Chair of Cola is the aural noise that lurks in the psyche of every confused millennial. A congealed slop of shit Saturday morning cartoons, the same fucking Boston song aggressively sold to you by a boring rock ‘heritage industry’, PlayStation start-up jingles, daytime commercial slime, smartphone interruptions, warbling 90s Disney VHS’s cynically vying for your nostalgia. A cudgel of media noise breaking your face and brutally reminding you that you ain’t no generation, you’re a target demographic. Is it any wonder that the opening track is called ‘Breathing Challenge’, cos we’re fucking suffocating.

“No apologies to the artists whose songs we ruined!” the band exclaim gleefully on their Instagram. Their puckish sense of fun keeps the album from being a draining endurance for the listener. Sudden goofy moments, like the Nokia Gran Vals tune chiming in or the sped-up desecration of Dolly Parten’s Jolene, tells you that their elongated, alien tongue is firmly in the cheek. The occasional detour into eerie lo-fi makes intriguing diversions from the otherwise busy record. ‘Wedding of the Anything’ is a weathered and muffled chiller of white noise and analogue tape decay, and the finale ‘Let’s Make a Living in Music!’ is the last word on biting self-deprecation: a track consisting of nearly two minutes of laughter. With the arts sector and creative industries facing great uncertainty in the face of Covid-19, the guffawing mirth stings with acidity.

When Alan Clarke began to tackle the issue of paramilitary violence in Northern Ireland for his 1989 BBC short Elephant, he decided that instead of some trite, moralistic posturing or po-faced lecture on the enormity of the subject, he instead simply showed the violence, nothing more, nothing less, appealing to the gut and our visceral senses over intellectual pondering. Chair of Cola similarly presents to us a soundtrack to the troubled navigation of a world geared by untrammelled free-market dogma and shows us exactly how it is: mad, unrelenting, and seemingly impervious.

Dummy ‘Comedy Rock!’

If you don’t laugh you’ll cry. Us 20/30 something’s are a stretched, inside-out bunch, pulled apart by unending labour extraction, fascist ascendancy and certain environmental catastrophe, we’ve developed an uncanny ability to have a good time in the face of such nihilism. Throw an unprecedented, global viral pandemic in the mix and our last recourse is to usher in the new wave of weird, warped and slimy egg punk for the topsy-turvy end times.

Comedy Rock! is the second release from Dummy, being one of the many projects of Minnesotan Sean Albert including Belly Jelly, QQQL and Skull Cult. Taking lo-fi DIY to its nth degree, primitive drum machines, atonal keyboards and fuzzy guitars are all handled by Albert himself, all buzzing together in a fizzy bottle rocket of corrupted energy.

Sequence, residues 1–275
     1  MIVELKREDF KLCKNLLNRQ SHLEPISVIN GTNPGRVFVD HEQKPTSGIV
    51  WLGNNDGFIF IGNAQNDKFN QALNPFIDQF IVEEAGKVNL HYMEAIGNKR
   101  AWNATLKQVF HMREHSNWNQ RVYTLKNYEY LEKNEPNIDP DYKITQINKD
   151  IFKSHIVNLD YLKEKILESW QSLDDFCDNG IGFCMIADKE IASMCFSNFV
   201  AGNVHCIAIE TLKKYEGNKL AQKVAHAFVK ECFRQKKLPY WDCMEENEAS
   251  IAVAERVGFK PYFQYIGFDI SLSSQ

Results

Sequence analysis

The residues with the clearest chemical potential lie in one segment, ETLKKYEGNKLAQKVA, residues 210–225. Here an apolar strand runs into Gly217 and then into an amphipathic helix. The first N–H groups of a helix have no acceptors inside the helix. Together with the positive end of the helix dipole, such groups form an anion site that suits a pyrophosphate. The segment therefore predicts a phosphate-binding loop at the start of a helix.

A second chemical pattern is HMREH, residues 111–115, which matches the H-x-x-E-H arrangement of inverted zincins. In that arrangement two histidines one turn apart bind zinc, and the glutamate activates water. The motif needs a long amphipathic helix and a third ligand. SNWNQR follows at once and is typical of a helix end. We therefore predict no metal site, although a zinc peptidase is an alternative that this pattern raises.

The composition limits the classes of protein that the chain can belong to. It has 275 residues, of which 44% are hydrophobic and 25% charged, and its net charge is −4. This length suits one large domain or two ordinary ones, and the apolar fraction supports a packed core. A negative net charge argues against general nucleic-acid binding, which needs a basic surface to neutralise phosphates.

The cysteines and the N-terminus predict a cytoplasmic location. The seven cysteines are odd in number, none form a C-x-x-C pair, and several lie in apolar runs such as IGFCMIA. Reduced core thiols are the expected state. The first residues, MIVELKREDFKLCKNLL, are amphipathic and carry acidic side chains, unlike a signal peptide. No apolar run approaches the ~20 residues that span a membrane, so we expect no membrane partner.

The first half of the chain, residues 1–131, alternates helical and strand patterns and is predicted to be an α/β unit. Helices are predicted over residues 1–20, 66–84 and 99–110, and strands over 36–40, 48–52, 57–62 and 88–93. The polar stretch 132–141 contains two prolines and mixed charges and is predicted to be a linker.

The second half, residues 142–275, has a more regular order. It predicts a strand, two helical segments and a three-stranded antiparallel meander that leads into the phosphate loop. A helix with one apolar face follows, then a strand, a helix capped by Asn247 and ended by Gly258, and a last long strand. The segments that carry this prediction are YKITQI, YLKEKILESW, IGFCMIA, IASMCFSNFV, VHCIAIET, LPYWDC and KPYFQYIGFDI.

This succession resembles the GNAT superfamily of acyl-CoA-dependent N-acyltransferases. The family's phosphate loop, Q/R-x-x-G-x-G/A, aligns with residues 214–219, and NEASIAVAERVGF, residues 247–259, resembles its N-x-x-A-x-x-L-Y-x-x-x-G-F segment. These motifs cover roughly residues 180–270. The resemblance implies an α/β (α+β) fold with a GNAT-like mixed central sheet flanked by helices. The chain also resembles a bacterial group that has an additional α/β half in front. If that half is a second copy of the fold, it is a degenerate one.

Fervent punk vigour is firmly established on first track ‘Personal Panopticon’, riff attacks hack and slice then switch to jerky picking all saturated with a goop of unintelligible vocal gunge. This fungal fusion of punk urgency and psych effects course throughout the tape but Albert’s musical dexterity allows for other flavours to keep things from being one note. ‘Nights’ is a gloriously upbeat number, tinny rock infected with poppy synth melodies sound like a Cars or Cheap Trick song were it desecrated beyond recognition. Alien slacker warbles and squeals on the distorted ‘Insulated’, D.C. hardcore pummels in the fog of loops and trickery straight out of the more aggressive end of Locust Abortion Technician.

Bent, broken, and crooked, Comedy Rock! is the perfect soundtrack to our collective navigation of a world growing more farcical every day, channeling the pervading confusion in its pulverised compositions and offering a streak of cathartic verve deep within the sputtering pulp.

Elizium ‘ELIZIUM’

Subtly operating off the L.A. radar is lo-fi post-punk outfit Elizium, consisting of rather obliquely named duo WL and SM. With little social media presence and scant information of the band, Elizium quietly slipped their self-titled demo EP to little fanfare, although one could mistake its demo production with characteristic tape hiss. The quiet release of ELIZIUM and the semi-anonymous nature of the band belie just how fantastic the EP is.

The urgent snap of steady snares and grooving bass swirl against WL’s muffled vocals and synth lines on opener ‘Monotonie’, the motorik drive given greater acceleration with tight punk riffing. ‘Reflection’ is a wistful and slightly sombre wander through foggy keyboards and damp drum machines held together by rich synth-strings before the cavernous crunch of ‘Promises’ takes the EP into more menacing electro territory. EP closer ‘EZ’ ends on a note of dreamy shoegaze punctuated with the industrial chug of abrasive percussion, the whispers that percolate within vying for attention.

WL and SM have hinted at an intriguing and infectious future of psychedelic punk with ‘ELIZIUM’, a promise of an exciting path ahead of tripped-out grooves which bites as well as soars.